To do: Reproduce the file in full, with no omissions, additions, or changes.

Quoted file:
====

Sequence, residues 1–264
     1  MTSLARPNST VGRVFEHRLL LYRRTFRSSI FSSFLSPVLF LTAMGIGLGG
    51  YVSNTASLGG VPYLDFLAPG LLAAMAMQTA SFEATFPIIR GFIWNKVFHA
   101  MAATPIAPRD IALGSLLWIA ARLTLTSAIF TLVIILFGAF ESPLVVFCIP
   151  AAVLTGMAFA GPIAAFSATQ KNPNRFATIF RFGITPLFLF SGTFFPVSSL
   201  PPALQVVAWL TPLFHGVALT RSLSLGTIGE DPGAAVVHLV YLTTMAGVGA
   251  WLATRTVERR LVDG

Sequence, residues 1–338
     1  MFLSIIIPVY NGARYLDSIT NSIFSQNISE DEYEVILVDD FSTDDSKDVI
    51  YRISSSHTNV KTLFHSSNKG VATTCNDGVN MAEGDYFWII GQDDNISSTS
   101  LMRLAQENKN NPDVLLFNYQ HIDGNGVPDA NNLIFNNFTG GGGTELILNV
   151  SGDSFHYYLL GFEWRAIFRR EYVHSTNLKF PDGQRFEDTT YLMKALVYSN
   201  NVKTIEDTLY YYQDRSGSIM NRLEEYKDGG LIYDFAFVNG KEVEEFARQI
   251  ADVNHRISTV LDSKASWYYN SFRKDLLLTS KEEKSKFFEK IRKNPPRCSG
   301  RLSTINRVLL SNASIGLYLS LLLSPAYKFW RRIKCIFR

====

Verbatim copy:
Sequence, residues 1–264
     1  MTSLARPNST VGRVFEHRLL LYRRTFRSSI FSSFLSPVLF LTAMGIGLGG
    51  YVSNTASLGG VPYLDFLAPG LLAAMAMQTA SFEATFPIIR GFIWNKVFHA
   101  MAATPIAPRD IALGSLLWIA ARLTLTSAIF TLVIILFGAF ESPLVVFCIP
   151  AAVLTGMAFA GPIAAFSATQ KNPNRFATIF RFGITPLFLF SGTFFPVSSL
   201  PPALQVVAWL TPLFHGVALT RSLSLGTIGE DPGAAVVHLV YLTTMAGVGA
   251  WLATRTVERR LVDG

Sequence, residues 1–338
     1  MFLSIIIPVY NGARYLDSIT NSIFSQNISE DEYEVILVDD FSTDDSKDVI
    51  YRISSSHTNV KTLFHSSNKG VATTCNDGVN MAEGDYFWII GQDDNISSTS
   101  LMRLAQENKN NPDVLLFNYQ HIDGNGVPDA NNLIFNNFTG GGGTELILNV
   151  SGDSFHYYLL GFEWRAIFRR EYVHSTNLKF PDGQRFEDTT YLMKALVYSN
   201  NVKTIEDTLY YYQDRSGSIM NRLEEYKDGG LIYDFAFVNG KEVEEFARQI
   251  ADVNHRISTV LDSKASWYYN SFRKDLLLTS KEEKSKFFEK IRKNPPRCSG
   301  RLSTINRVLL SNASIGLYLS LLLSPAYKFW RRIKCIFR